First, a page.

In honor of National Eating Disorders Awareness Week, TBINAA will feature stories that explore eating disorders at the intersections of our identities, sharing stories about ED from the groups that are often absent from the discussion. We believe that there must be space to tell the story of EVERY body and we are grateful to those who have shared their stories with us, so that we might share them with you. If you are struggling with an eating disorder, there is help. Toll free, confidential Helpline at 1-800-931-2237. You are not alone.
[ Image: Fair skinned person sits at table holding chopsticks out in front of them. Their hair is pulled back into a ponytail, hanging over their shoulder. They are wearing an off-white blouse with blue details and have a sad expression on their face. ]
To Be Good
by Ani Kao
Caution Warning: Child Abuse, Pornography, Suicidal Thoughts
My name is Ani and I’m an agender queer trans woman of color. For me food has always been at the center of my life. My parents were both born in China and moved to Taiwan when the were very young. My mother grew up very poor and and my father was heavily invested in Buddhism and did not believe in waste. With each of them they brought a different kind of belief in food.
“You always eat your food, that makes you so good,” she would say. “You can’t waste food, clean off your plate completely,” he says.
I was praised for eating food and if I didn’t finish my plate, I would be shamed by my mother and scolded by my father. He would hit me for not being ‘good’ often and some of those times were for not eating every piece of food off my plate. A few leaves of lettuce, a bite left of bread… anything at all. I really wanted to be good, I didn’t want to be hit. So I ate everything that was given to me. They were so proud of me.
Around nine, lots of trauma hit me hard and I am still shaking from those events that define so much of my life. I have a brother who was 10 years older and not around. Father spent no time at home, always off at a temple; he had no time for his family but all the time in the world to earn his way into nirvana in the way he saw most fit. Mother was also coping with life by being out all of the time with friends playing mahjong and going to karaoke.
It was at this time that I was met with the most abuse. The son of my babysitter who was three years older than me introduced me to pornography. What happened with me and some of the other kids he was supposed to help protect, he exploited, no doubt stemming from abuse from his own parents. He was my only friend at that time. I saw him five days a week. I didn’t understand it on a conscious level, but part of me knew what happened over the next few years was wrong.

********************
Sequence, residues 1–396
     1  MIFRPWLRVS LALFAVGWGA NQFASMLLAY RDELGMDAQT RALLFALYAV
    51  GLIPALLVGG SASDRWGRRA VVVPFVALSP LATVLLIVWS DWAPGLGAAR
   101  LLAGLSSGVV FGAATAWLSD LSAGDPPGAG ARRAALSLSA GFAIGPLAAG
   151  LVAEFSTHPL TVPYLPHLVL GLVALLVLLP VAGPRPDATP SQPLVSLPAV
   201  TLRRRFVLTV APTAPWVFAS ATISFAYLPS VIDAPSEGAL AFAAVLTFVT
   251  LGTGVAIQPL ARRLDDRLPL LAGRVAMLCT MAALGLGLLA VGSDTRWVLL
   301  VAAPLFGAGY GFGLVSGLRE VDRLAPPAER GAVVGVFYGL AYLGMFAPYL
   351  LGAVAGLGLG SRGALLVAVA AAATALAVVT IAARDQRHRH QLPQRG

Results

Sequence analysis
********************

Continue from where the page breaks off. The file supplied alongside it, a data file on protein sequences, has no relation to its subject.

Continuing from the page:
It was during this time my parents got divorced. I was alone, there was chaos in my family, my life, my entire world. Meanwhile, I was wracked with dysphoria and suicidal thoughts.
For me, the answer was food. I was always good when I ate, always rewarded so I ate all the time. I ate when I was hungry, stressed, bored, and full.
“You would look better if you lost weight,” my mother said as she shoved a plate of food in my face.
Another, deeper part of me hated myself. I hated my body for not having the parts I -knew- I was supposed to have. I hated that someone loved me for the body I despised, and I hated my family. My self destruction was linked to food. I wanted to be unappealing and unlovable so that nobody would take advantage of me like that again, and so that nobody would miss me when I’m gone. At my heaviest I was 280 lbs.
The intersection between my strict Asian heritage, my poor class status, my parent’s religion, my childhood abuse, and my family neglect has taught me eating everything was the right thing to do… and the safe thing to do.
More Radical Reads: When We Learned to Hate Them- Undoing Body Shame We Learned in Our Youth
“Thick Dumpling Skin”: Creating Community
by Lynn Chen
In 2009, I started a food blog, The Actor’s Diet, after years of struggling with binge eating and anorexia. In 2011, I stumbled upon an interview with Lisa Lee, in which Lisa Lee discussed the story she wrote for Hyphen magazine about her past struggles with food and body image. After listening to and reading Lisa’s story, I immediately knew we had to connect. It was the first time I heard the voice in my head, spoken out loud, by someone other than me.
I truly hope that if any of you are currently struggling you know that recovery is possible.
More Radical Reads: Unlearning How To Be Thin: Weight Is Not An Indicator of Health
[Feature Image by Klie: Photo of a person with long dark hair holding a spoon next to an empty bowl. They are looking down at the bowl, which is on a bright red kitchen counter top.]